National Opinions

I’ve seen opioid crisis as a cop. Living it as a patient is worse

Nick Shelby
Nick Shelby

A year ago, I woke in the night with pain so severe I was crying before I was fully aware what was going on. A 50-year-old cop sobbed like a child in the dark. It was a ruptured disc and related nerve damage. Within a couple of months, it became so severe that I could no longer walk or stand. An MRI later, my surgeon soothingly told me it would all be OK. A nurse practitioner handed me a prescription for painkillers — 180 tablets, 90 each of oxycodone and hydrocodone.

I already knew how easily opioid addiction could destroy a life. I’d arrested addicts and helped people suffering from substance abuse. So as soon as I could, I weaned myself off the medication. Still, I fell into the trap when my pain returned months later, and I started taking the pills again.

Since then, I’ve been stuck like a growing number of people in a system that leaves patients beholden to terrible health policy, horrific consequences of federal drug policy, uninformed media hysteria and an uncoordinated medical professionals bearing — then seizing — bottles of pills.

I started physical therapy and sought treatment at an authorized pain management clinic. My first pain-management doctor was terse as she prescribed more hydrocodone for daytime and oxycodone for the night, when my pain was worse.

A pharmacy refused to fill it, saying, “You can’t mix hydrocodone and oxycodone.” When I called the pain clinic for help, the staff berated me for bothering them. They asked whether I was seeking drugs. I was — the ones they had prescribed.

This shaming is common among pain patients, and there are a lot of us: Pain affects millions of Americans, more than diabetes, heart disease and cancer combined.

As a police officer, I’ve seen the opioid among people in jail and people about to go to jail. Often, while searching cars or people, we find pill bottles of several types of opioids — almost always stolen or bought illegally. Police departments are ordering the counteragent naloxone in increasing quantities, but it can’t keep up with the demand on the street. Last month, for the first time, the U.S. government reported that deaths from opioid overdoses surpassed gun deaths.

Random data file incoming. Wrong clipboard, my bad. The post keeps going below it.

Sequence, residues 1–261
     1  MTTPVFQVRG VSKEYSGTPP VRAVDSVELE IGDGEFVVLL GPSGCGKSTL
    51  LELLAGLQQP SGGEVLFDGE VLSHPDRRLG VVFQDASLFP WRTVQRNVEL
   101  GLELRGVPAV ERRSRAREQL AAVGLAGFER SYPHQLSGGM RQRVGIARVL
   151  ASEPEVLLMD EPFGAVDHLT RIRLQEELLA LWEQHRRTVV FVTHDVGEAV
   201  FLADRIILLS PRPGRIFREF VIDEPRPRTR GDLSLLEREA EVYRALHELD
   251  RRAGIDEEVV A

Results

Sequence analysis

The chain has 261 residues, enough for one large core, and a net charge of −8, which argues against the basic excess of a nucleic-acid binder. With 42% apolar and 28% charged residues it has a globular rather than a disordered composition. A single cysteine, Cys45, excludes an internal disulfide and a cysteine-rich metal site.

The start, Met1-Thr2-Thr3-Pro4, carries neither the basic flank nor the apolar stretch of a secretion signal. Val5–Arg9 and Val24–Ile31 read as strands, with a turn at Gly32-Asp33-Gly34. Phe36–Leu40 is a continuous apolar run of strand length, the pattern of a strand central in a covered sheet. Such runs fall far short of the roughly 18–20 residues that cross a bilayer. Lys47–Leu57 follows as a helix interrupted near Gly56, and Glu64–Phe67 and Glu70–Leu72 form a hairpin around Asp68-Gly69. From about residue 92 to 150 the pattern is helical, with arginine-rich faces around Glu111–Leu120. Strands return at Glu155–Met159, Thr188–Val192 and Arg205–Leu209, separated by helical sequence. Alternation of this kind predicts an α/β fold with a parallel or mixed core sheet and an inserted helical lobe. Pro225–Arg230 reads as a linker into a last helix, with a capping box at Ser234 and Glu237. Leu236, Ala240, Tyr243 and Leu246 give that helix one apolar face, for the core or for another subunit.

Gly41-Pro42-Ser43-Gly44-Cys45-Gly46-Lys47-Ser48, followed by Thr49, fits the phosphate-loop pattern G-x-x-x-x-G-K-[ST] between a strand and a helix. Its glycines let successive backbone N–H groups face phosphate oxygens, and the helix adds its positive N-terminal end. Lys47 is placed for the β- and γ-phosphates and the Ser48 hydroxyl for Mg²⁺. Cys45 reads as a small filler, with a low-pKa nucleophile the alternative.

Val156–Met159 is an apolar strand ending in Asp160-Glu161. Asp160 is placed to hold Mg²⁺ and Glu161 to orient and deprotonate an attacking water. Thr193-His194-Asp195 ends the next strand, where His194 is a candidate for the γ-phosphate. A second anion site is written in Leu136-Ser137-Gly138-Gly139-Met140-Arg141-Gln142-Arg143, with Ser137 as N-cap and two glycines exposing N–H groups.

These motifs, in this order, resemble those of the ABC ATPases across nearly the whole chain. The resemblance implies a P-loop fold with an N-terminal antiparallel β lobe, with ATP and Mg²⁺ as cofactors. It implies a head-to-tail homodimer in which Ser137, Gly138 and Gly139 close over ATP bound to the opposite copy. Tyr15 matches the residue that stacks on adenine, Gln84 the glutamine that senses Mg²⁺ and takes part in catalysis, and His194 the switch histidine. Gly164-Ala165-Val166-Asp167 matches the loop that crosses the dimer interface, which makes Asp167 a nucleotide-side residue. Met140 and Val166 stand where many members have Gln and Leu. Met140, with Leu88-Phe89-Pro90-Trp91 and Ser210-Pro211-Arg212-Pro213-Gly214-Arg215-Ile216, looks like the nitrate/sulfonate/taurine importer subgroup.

Meanwhile, the Center for Public Integrity reported that companies and advocates for drugs such as OxyContin, Fentanyl and Vicodin spent more than $880 million on lobbying and political contributions over the past decade, compared to $4 million by groups advocating for opioid limits.

My insurer paid for eight physical-therapy sessions and refused more. Then it declined the Buprenorphine, which had been helping without making me drowsy or euphoric. Instead, they’d pay for Fentanyl, the stronger synthetic opioid making cops sick just by being in the same room. It took two months, three dispute letters and more than $700 out-of-pocket before it finally recognize my doctor might actually know what to prescribe.

I find myself in a medical twilight zone where distrust outweighs care, where doctors fear censure and pass me off to another office. I’m subject to urine tests and such as bringing all my pill bottles, like a schoolboy, so the nurse can count the remaining pills. There are specific times at which refills will be given — without exception.

This is almost guaranteed to lead to exquisite patient frustration, if not addiction. It will get worse: This year, the DEA is reducing by 25 percent the amount of almost every Schedule II opiate and opioid medication that may be manufactured in the United States.

I had begun to consider quitting police work. Then I visited a family medicine practitioner who started to wean me off and find the right combination of medicine, exercise and physical therapy to keep me off opioids for good. It’s early, but this seems to be working.

How can it be that, in the name of “health,” we moved away from demanding our doctors do more than just hand out pills? Where is the exploration for new therapies to help for pain? In Germany, doctors prescribe warm mud packs and massage. Acupuncture is used in many countries with great success. In 28 states and the District of Columbia, medicinal marijuana is now legal — but the federal government still bans it.

Almost anything is better than what we are doing now.

Nick Selby, a Texas police detective, is author of “In Context: Understanding Police Killings of Unarmed Civilians.”